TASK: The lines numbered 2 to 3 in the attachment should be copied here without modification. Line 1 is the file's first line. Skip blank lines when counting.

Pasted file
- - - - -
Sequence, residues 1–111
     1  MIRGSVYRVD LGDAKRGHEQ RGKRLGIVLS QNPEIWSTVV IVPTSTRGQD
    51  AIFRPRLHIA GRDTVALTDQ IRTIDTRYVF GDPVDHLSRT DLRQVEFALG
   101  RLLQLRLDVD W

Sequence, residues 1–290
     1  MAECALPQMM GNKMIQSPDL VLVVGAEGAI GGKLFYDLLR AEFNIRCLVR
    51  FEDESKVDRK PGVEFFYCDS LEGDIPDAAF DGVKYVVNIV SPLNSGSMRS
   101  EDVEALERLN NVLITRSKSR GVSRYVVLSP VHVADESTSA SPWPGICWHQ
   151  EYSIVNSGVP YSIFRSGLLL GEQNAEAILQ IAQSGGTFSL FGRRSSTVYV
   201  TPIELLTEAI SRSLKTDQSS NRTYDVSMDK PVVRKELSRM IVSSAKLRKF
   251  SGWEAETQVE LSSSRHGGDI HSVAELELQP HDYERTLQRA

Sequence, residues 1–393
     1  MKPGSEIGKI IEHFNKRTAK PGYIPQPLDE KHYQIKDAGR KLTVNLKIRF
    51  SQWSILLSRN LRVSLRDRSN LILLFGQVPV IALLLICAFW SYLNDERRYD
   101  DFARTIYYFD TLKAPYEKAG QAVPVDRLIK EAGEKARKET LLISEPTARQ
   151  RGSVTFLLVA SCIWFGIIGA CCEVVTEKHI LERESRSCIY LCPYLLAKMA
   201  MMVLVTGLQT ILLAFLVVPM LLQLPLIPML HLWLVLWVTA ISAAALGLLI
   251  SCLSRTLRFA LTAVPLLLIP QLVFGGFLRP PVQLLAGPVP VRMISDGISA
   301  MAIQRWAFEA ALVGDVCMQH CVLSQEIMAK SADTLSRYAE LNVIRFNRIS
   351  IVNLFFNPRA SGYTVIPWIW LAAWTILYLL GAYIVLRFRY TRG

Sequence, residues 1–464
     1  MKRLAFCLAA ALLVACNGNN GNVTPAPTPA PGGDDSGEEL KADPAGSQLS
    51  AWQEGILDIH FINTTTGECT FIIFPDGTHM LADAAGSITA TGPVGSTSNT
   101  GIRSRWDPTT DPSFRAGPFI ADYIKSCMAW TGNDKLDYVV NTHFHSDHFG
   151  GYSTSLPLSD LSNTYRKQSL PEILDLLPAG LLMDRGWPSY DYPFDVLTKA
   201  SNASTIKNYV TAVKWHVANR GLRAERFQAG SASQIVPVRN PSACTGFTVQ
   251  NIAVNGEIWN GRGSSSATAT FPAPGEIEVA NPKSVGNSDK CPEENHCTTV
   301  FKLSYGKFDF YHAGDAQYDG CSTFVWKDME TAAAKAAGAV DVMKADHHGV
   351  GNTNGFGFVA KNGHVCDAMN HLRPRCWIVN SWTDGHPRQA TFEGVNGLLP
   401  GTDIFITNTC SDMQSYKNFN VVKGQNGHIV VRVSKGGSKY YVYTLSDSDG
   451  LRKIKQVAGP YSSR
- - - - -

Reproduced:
     1  MIRGSVYRVD LGDAKRGHEQ RGKRLGIVLS QNPEIWSTVV IVPTSTRGQD
    51  AIFRPRLHIA GRDTVALTDQ IRTIDTRYVF GDPVDHLSRT DLRQVEFALG